• cardboard tube - toilet paper are too short so use paper towel or wrapping paper tubes
  • paper grocery bag
  • aluminum foil
  • scissors
  • tape - we used duct tape which worked really well
  • rice
  • stuff to decorate the tubes

1- Cut a square out of the grocery bag twice as big as the end of the tube. Fold over the tube, creasing the edges around the bottom of the tube. Tape in place. This needs to be fastened tight enough to seal the end of the tube.
2- Pull out a length of aluminum foil about 2.5 times as long as the tube. If you are using regular foil, cut it in half lengthwise with scissors to make two pieces. I had the heavy-duty stuff so I cut it into thirds lengthwise.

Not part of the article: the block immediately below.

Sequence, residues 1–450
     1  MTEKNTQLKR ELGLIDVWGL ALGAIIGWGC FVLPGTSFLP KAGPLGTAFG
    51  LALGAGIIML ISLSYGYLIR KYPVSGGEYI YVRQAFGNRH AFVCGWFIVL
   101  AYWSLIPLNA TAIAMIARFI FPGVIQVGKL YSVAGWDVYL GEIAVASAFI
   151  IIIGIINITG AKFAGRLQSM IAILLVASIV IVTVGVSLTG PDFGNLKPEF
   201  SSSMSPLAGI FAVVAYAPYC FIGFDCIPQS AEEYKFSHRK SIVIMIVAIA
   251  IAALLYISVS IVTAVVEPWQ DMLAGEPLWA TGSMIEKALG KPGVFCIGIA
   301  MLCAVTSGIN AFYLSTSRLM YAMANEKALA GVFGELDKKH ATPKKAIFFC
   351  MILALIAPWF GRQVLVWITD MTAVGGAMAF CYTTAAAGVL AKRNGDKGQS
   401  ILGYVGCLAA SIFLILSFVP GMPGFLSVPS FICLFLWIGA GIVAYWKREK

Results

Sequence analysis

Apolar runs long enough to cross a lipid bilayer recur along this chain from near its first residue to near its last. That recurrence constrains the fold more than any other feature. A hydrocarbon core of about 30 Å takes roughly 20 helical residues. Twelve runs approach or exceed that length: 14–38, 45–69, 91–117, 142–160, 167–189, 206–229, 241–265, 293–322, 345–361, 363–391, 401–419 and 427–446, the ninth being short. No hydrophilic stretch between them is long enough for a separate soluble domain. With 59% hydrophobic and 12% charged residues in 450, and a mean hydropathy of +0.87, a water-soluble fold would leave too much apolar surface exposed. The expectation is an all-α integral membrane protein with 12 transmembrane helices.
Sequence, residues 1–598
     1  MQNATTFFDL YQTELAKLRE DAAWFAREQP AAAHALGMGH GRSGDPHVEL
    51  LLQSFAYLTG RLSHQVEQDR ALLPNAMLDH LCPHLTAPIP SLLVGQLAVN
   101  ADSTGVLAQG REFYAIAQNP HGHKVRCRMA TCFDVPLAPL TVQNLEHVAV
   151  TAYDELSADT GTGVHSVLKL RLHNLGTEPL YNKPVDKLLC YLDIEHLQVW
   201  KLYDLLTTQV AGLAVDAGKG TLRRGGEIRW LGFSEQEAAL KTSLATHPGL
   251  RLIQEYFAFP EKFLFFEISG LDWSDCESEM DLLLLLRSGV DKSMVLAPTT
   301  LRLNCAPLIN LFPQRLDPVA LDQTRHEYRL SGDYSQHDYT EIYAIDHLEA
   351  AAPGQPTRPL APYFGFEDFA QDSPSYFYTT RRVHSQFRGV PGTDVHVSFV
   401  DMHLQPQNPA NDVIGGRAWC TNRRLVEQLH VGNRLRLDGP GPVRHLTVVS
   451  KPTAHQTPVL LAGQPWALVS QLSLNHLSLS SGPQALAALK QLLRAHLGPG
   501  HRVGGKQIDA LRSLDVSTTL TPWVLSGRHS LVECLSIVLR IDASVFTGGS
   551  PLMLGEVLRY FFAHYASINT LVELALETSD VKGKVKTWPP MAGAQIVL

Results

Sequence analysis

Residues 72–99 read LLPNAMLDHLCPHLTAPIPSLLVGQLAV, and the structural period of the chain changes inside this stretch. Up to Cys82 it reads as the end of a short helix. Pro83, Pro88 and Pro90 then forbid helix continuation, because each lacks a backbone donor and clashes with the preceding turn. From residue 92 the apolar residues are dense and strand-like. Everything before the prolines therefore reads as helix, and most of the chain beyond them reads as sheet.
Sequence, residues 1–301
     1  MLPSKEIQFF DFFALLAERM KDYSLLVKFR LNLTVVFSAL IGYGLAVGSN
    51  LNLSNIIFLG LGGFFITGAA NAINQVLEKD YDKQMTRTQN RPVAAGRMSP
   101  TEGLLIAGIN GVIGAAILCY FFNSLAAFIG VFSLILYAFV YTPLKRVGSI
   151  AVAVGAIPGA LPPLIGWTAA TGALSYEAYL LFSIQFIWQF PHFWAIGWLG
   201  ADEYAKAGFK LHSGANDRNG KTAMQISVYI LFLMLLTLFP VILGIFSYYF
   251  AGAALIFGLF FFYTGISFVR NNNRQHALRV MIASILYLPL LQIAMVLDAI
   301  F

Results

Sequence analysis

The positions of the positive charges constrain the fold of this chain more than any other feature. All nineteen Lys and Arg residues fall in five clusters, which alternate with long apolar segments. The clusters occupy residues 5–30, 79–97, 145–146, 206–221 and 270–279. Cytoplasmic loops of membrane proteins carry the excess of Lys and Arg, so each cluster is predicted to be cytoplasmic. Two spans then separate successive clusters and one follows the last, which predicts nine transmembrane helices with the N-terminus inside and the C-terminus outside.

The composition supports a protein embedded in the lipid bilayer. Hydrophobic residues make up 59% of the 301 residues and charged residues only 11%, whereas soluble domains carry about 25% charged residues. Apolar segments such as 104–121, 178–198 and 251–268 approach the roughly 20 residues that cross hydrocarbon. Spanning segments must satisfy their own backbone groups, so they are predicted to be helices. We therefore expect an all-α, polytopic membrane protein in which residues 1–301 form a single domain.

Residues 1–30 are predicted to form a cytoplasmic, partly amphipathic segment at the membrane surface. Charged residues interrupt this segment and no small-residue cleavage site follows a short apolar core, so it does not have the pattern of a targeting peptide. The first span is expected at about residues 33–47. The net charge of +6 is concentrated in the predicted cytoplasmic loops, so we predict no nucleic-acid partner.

3- Scrunch the foil into a rope, it should be about twice the length of the tube when you finish. It should be too small, though. Keep it about 1/4 the diameter of the tube.
4- Coil the foil into a long spring using your finger or a pencil as a guide. It should be about the length of the tube when you are done. Do this loosely, the rice needs to be able to slide through the foil coil.
5- Slide the foil into the tube. Squeeze it a bit when necessary. You are trying to partially block the tube with it so the rice takes a minute or so to slide through to the bottom of the tube.
6- Add about 1/4 c. of dry rice to the tube.
7- Cut another square of paper from the bag. Seal the other end of the tube the same as you did in step one. Tape securely.
8- Decorate as desired.
9- Tip the tube upside down to hear the "rain" fall to the bottom. A gentle shake may be needed to keep the rice moving.